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15th July 2022, 12:38:59 UTC

Responding to the acquittal of feminist activist and artist Yulia Tsvetkova, who was charged with “disseminating pornography” for creating body-positive illustrations of female sexual organs, a crime punishable by up to three years in prison, Marie Struthers, Amnesty International’s Director for Eastern Europe and Central Asia, said:

“The acquittal of Yulia Tsvetkova today marks a rare and welcome triumph of sanity and justice over remorseless repression. In a country where state-sponsored homophobia and misogyny are the norm, Tsvetkova’s trial was a landmark case. Her acquittal must now set a new precedent that ensures the right to freedom of expression is upheld and protected for all.

“For more than three years, Yulia Tsvetkova has suffered unrelenting mistreatment by the authorities in the form of criminal proceedings, fines, threats, arrests and travel restrictions, all of which were imposed solely in response to her peaceful activism.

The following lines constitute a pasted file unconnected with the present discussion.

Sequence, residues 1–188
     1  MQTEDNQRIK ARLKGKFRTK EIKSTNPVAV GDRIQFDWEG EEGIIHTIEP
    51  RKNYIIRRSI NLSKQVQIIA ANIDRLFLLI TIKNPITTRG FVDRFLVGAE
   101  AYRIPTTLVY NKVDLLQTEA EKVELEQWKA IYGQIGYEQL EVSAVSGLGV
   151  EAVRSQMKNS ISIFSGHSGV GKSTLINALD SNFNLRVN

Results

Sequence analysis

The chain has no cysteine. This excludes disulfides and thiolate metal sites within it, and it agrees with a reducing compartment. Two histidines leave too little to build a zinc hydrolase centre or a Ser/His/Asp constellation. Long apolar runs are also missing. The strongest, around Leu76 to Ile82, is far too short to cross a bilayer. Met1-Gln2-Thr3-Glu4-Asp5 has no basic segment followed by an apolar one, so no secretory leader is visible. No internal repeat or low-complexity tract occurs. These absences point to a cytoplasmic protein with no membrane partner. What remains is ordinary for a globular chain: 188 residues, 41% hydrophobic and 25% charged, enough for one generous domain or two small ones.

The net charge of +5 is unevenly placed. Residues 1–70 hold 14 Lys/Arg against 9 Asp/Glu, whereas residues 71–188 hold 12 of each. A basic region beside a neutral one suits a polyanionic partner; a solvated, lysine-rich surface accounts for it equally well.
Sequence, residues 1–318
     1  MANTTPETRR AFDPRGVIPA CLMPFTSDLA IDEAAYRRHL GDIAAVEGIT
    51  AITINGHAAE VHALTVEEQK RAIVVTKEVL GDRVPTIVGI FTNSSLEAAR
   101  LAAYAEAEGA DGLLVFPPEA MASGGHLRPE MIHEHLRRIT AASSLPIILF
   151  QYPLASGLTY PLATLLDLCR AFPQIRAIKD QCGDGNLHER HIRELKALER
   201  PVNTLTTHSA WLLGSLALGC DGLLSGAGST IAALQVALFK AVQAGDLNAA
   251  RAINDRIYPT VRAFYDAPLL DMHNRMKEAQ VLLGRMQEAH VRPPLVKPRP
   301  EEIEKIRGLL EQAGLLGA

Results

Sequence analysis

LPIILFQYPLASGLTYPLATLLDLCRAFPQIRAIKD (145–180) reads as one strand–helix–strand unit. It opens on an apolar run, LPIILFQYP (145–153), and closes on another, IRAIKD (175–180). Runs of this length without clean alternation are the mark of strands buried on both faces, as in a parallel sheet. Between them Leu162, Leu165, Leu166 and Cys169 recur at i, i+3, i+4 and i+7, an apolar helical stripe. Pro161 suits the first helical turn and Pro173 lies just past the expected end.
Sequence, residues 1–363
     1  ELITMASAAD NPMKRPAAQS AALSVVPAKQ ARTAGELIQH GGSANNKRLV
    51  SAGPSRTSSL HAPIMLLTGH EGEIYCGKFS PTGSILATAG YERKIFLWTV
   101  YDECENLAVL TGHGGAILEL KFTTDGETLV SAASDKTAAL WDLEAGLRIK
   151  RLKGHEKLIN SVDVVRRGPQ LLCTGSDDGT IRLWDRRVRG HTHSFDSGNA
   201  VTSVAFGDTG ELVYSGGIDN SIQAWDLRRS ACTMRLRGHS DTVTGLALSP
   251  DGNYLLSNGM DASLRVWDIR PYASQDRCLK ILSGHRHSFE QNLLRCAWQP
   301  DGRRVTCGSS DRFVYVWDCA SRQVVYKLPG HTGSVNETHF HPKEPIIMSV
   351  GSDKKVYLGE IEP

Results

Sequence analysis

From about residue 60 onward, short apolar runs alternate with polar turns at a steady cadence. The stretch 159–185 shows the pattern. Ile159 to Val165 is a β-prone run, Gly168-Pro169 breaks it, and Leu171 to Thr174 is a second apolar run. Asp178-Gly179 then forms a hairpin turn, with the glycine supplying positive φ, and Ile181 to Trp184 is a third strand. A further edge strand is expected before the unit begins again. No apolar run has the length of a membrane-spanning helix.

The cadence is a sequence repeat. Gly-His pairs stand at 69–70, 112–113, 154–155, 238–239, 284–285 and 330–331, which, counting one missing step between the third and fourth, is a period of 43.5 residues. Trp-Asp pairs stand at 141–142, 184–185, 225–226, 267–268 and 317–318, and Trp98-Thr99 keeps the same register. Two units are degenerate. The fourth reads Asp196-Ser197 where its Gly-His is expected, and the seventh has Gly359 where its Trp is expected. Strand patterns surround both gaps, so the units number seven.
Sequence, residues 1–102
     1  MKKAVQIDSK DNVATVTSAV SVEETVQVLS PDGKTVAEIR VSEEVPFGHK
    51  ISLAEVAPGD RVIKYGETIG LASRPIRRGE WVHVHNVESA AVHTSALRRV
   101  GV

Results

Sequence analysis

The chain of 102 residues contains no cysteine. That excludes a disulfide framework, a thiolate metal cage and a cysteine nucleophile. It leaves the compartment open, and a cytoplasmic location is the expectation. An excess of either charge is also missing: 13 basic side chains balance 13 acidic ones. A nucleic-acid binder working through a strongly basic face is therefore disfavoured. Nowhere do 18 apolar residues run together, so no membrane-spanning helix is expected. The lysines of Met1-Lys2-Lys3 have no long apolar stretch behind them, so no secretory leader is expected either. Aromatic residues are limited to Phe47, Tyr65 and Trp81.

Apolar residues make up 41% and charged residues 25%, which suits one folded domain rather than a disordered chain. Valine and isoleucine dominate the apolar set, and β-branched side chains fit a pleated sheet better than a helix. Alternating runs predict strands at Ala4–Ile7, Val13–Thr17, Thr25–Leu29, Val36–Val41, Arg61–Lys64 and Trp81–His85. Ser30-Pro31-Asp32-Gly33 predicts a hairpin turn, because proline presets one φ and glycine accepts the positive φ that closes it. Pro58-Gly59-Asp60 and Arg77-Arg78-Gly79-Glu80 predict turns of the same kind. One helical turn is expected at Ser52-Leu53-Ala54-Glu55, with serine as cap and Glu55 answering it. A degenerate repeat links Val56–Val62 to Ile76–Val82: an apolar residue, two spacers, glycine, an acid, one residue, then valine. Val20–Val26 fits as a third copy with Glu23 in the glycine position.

“The Russian authorities must immediately stop targeting feminists and LGBTI activists. Instead, they should honour their international human rights obligations by enabling a safe and supportive environment in which human rights defenders can work without fear of reprisals.”


On 15 July, the Central District Court of Komsomolsk-on-Amur in Russia’s Far East acquitted Tsvetkova and cleared her of all charges. She had been accused of creating and sharing “pornographic” images — including body-positive drawings of women’s bodies that depict the vagina as a beautiful, flower-like symbol — on VKontakte, a Russian social media site.

She was detained on 20 November 2019 and held under house arrest until 16 March 2020. In December 2019, she was found guilty of sharing “propaganda of non-traditional sexual relations with minors” and fined 50,000 roubles (US$780). In July 2020, she was fined a further 75,000 roubles (US$1,050).

On 3 June 2022, the Ministry of Justice placed Tsvetkova on its “foreign agents” register, which is used to restrict independent NGOs, media organizations and activists.